Thursday, March 23, 2023
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Home People TV weatherman swaps the Cayman Islands for the Tyne and Wear Metro

TV weatherman swaps the Cayman Islands for the Tyne and Wear Metro

Tyne and Wear’s new customer service advisor forecasts a bright future having joined the operator, having given up life as a TV weatherman from the Cayman Islands to move to the North East of England.

Joe Avary, whose smooth American accent is proving popular with passengers, has taken an unlikely route to North East England – but insists he has no regrets leaving it all behind to become a Metro Customer Service Advisor.

His previous job saw him presenting weather forecasts and compiling news reports for the Cayman Islands’ only local TV station.


In 2021, Joe, and his wife Claire, who is from Jarrow, left the paradise island to return to the UK, settling in East Boldon.

It was a big change after nearly six years of nothing but hot sun and golden sandy beaches.

Joe, 47, who is originally from Albuquerque in New Mexico, has had a 23-year media career, one that took him across the USA as a cameraman and a journalist, culminating in his dream job working in the Caribbean. 

As a senior reporter at Cayman 27, Joe not only presented daily weather forecasts, he also provided local news coverage for the tiny island, which is a poplar retreat for some of the richest people in the world.

He once got the chance to interview Sir Richard Branson.

Joe now finds himself working for Tyne and Wear Metro operator, Nexus, providing support for customers and inspecting tickets across the network’s 60 stations.

“People don’t believe me, but it’s been a great experience.” he said. “It was a big change leaving the Cayman Islands, for sure, but I am really loving it here. The people are great. I just need to get used to the Geordie accent a bit more. As an American some of the local phrases are still hard to get.”

Since joining the Metro Joe has proved a big hit with customers and colleagues alike.

He said: “I think it’s a fantastic public transport system that you have here. I love integrating with the local community, much like I did out in the Caymans, so this was an ideal role for me. The Metro is at the heart of the area and it’s the veins of the local economy.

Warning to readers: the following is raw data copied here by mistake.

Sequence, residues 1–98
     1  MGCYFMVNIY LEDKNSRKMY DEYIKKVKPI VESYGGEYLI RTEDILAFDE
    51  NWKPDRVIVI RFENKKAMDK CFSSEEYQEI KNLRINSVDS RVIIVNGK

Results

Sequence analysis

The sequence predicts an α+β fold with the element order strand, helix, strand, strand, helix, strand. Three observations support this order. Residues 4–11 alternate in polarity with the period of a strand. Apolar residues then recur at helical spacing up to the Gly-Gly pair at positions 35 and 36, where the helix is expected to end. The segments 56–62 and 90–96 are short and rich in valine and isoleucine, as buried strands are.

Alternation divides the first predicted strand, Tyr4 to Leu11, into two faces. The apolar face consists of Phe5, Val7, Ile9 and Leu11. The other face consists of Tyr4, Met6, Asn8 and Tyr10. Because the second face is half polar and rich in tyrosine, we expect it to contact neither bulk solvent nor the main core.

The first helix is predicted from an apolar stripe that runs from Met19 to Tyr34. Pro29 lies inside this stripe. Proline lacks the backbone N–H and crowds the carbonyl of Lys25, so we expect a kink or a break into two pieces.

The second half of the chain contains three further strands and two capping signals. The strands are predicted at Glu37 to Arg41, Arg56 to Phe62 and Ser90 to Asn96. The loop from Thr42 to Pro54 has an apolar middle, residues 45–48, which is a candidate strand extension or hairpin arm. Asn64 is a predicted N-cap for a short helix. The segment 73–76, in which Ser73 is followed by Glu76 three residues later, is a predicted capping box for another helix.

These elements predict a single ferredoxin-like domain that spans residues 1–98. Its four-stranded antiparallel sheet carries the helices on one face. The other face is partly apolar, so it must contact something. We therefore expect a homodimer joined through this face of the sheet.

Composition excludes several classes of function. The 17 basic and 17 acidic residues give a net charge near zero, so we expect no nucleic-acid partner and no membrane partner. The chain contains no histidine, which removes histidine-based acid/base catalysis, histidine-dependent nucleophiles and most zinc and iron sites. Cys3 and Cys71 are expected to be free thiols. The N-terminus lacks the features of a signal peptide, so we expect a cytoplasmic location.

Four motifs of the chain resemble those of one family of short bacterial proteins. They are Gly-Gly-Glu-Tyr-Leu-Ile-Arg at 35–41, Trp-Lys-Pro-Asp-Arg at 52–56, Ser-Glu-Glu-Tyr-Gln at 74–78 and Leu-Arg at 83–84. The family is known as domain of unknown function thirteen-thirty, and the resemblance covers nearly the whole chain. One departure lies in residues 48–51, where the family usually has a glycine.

“I love meeting my customers, and they seem to enjoy hearing my American accent, you can often see it on their faces. It takes them by surprise, and it’s a good way to engage with people. My announcements on the tannoy certainly seem to make people stop and take a bit more notice.”

It’s a world away from life in the Cayman Islands, a British overseas territory and renowned tax haven.

Joe said: “I may well be the only weatherman to get a job on the Metro, and, of course, nobody here knows me here, but out in the Caymans I actually became a bit of a household name. I was presenting the weather and reporting the news. We broke some pretty big stories, quite often the kind that a lot of the billionaires on the island don’t like to hear about.

“But it’s a great way of life out there. There are so many different nationalities on the island, living there, and visiting. We had a house, with a pool, and mango trees in the garden.

“Presenting the weather in the Caymans, we often joked, was fairly easy – you knew it was going to be hot and sunny most days. There is occasional rainfall and hurricane warnings to watch for, but for the most part it’s sweltering. There isn’t much of a winter there.

“It was a great phase of my career, which started out back in the States when I got a chance to help out at a local television station in Omaha called Fox 42.

“I did some camera work for them and that led to a move to a national broadcaster, CBS, based in Atlanta. It was exciting work. I quite often got to film live from the news helicopter. When I was at CBS I was part of a news team that won a TV Emmy award.”

He added: “The job in the Cayman Islands was too good to turn down. It was a fabulous five and a half years, but at the end it felt like the right time to come back.”

Joe’s decision to move to Britain with his wife was partly driven by his increasing workload, which saw him often putting in 13-hour days, something which caused him to suffer from the hair loss condition alopecia, which he has since recovered from.

He said: “We initially moved to Guernsey, and that was just before the pandemic. Then after the lockdown my wife decided she wanted to come home to Geordie land.

“It’s my first time here but I am settling in great. The only thing I miss is getting really good Mexican food. My colleagues have been taken aback by my love for putting marmite and siracha on a crumpet.

“I like to think that I’ve brought a bit of good old American hospitality to the Metro, so if you see me on duty at a station, don’t forget to come and say hi.”

Photo credit: Tyne and Wear Metro

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